It was celebrations all round for hospital staff in South Tyneside as the NHS celebrated 70-years of existence yesterday.
Representatives from life-saving medical and support teams gathered to mark the special anniversary at a celebration at South Tyneside District Hospital.
Among those marking the occasion were part-time nurses Nancy Clark, 75, and Margaret Maughan, 71.
The pair have been working for the NHS since the ages of 15 and 17 respectively - starting their careers at the town’s former Ingham Infirmary.
Nancy, who started in 1958 was placed in the syringe bank, while Margaret began her nursing career in 1964.
At the time the wages were a lowly £275 a year.
Nancy said: “I always wanted to be a nurse. When I went for my interview at 14, a matron told me I would earn more money working in a factory. But I wanted to be a nurse.”
Margaret said: “I just love my job. It was harder back then, everything was reusable. Nowadays, everything is disposable.
“It is nice to achieve this age and to still be working for the NHS.”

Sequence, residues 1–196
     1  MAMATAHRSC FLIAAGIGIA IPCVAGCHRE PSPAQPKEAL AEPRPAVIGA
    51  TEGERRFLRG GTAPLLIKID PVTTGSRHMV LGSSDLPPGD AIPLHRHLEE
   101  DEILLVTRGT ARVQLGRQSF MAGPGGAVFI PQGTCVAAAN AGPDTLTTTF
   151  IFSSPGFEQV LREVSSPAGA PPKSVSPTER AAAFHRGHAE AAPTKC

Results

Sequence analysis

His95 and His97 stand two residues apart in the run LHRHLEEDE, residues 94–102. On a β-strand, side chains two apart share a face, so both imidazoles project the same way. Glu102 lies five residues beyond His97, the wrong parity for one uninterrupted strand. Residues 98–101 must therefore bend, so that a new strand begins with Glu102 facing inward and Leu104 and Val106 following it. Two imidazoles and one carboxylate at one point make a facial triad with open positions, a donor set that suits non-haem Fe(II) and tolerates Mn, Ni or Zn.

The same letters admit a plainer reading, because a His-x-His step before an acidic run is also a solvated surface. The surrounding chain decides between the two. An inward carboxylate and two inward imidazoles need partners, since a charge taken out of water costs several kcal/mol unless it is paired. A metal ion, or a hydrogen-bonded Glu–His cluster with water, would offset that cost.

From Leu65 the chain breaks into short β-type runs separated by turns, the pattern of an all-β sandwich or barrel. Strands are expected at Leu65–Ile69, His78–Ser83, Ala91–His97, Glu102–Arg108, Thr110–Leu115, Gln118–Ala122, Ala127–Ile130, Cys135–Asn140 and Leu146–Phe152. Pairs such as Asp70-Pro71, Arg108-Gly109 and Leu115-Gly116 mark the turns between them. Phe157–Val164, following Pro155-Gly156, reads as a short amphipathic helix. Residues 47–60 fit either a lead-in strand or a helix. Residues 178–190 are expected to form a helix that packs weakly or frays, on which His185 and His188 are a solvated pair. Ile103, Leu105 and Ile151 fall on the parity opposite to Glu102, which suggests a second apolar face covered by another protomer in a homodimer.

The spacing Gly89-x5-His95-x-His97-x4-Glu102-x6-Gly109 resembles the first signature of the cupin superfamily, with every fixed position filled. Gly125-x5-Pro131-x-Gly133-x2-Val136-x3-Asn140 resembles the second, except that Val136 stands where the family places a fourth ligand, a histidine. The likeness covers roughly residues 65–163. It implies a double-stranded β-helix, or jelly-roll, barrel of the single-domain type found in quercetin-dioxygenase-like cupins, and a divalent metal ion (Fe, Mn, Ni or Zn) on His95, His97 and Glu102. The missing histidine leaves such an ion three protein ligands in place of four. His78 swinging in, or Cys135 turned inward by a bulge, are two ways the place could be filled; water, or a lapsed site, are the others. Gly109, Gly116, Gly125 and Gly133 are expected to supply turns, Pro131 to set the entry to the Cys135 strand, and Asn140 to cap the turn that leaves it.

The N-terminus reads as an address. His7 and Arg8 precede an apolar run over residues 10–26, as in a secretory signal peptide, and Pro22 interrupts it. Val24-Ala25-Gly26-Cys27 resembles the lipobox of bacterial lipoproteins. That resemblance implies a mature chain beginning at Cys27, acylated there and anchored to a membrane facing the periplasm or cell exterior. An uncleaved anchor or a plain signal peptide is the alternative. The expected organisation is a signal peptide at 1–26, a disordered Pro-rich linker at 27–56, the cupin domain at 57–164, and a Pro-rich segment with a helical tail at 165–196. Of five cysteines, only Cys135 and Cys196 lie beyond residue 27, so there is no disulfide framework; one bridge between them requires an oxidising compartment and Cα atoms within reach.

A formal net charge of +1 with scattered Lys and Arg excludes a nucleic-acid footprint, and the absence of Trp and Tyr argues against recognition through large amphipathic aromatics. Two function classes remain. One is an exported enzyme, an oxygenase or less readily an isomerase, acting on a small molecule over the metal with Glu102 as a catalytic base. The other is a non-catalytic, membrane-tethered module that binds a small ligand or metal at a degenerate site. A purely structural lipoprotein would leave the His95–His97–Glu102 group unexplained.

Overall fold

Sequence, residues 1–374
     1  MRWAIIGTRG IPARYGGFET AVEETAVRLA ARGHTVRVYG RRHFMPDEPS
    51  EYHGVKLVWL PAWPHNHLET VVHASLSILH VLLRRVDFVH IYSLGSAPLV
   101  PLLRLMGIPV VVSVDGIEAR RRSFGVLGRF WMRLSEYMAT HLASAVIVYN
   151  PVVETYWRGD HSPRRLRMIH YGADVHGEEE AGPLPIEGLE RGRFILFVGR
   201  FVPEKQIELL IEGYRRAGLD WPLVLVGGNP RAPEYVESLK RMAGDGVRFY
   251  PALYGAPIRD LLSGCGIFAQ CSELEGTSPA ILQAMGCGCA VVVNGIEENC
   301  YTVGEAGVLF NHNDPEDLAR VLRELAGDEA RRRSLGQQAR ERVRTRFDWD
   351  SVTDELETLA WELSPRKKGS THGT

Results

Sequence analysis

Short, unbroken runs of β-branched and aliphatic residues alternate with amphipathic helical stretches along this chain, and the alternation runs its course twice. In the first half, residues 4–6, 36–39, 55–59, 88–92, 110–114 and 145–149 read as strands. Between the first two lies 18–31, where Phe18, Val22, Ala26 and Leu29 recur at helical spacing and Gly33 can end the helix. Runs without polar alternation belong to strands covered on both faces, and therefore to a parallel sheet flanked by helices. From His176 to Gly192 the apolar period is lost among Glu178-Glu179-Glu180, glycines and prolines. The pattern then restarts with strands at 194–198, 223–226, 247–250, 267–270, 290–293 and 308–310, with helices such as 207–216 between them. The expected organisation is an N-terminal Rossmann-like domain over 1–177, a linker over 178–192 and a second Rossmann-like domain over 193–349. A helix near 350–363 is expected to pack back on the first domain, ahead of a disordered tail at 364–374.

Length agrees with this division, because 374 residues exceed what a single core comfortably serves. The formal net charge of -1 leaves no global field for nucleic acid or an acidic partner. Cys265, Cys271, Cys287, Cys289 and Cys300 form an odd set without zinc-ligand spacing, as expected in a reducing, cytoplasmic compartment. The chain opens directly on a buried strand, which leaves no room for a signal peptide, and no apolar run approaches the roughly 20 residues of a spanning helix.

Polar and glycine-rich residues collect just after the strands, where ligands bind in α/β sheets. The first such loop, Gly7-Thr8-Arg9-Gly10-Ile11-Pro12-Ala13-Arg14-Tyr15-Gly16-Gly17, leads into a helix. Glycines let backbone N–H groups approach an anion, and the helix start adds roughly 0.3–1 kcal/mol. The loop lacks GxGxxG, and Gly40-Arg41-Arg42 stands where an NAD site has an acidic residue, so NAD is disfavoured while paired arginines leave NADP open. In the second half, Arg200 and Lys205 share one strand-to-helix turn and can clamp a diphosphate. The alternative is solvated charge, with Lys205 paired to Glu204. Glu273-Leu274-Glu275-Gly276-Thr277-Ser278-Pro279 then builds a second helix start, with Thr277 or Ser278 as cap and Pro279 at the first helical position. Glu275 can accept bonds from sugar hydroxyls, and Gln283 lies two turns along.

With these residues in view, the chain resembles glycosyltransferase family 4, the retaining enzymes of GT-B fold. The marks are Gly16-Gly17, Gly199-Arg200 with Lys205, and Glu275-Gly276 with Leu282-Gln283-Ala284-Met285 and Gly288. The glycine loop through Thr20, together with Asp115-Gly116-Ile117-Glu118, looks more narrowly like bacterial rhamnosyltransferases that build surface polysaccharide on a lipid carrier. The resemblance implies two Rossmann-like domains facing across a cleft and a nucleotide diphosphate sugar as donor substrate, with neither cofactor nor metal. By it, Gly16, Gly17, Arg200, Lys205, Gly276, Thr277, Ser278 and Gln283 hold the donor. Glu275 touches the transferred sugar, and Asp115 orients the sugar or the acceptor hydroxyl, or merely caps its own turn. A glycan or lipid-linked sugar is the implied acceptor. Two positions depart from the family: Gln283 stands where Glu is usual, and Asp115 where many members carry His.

The pair, who have been friends for the past 54 years, have a lot of fond memories of how the hospital was run in the day, from the matron’s on the wards, having to sterilise bandages so they could be reused as well as some of the emergencies they had to deal with over the years.
Both Nancy and Margaret were moved to the hospital in 1989 following the closure of the Ingham Wing.
Margaret added: “The Ingham Wing was very much a family friendly hospital, everybody knew everybody from the A&E department to the six wards. Everyone knew each other. It was such a great place to work and so many memories.”
Starting out on her NHS career is Nikki Lynn, 28, who has secured a job at the Queen Elizabeth Hospital in Gateshead as a trainee surgical assistant.
Said said: “When my mam had her legs amputated, I started to get really interested in the workings of the NHS.
“I had my children quite young and it was when I was on maternity leave with my little boy, I decided to look into it and do something about it.
“I absolutely love it. The NHS is great. We would be lost without it. I think without it, a lot of people would not be diagnosed or receive treatment.”
Meanwhile on the maternity ward, mum Immogen Ebank had given birth to the first baby born within the hospital on the 70th anniversary of the NHS, weighing 7lbs and 8.5ozs.
Little Novah Robinson was gifted with a special anniversary babygrow and bauble - created by artists Jane Charles - to mark her entrance into the world.
Mum Immogen Ebank, 28, who is also mum to four-year-old Phoenix said: “I was induced at 8am as Novah was overdue. She had been due to be born on Monday.
“It’s such a special day and the babygrow and bauble I’ll be able to put away in her baby box as nice keepsakes.
“I wasn’t expecting anything like this when she was born.”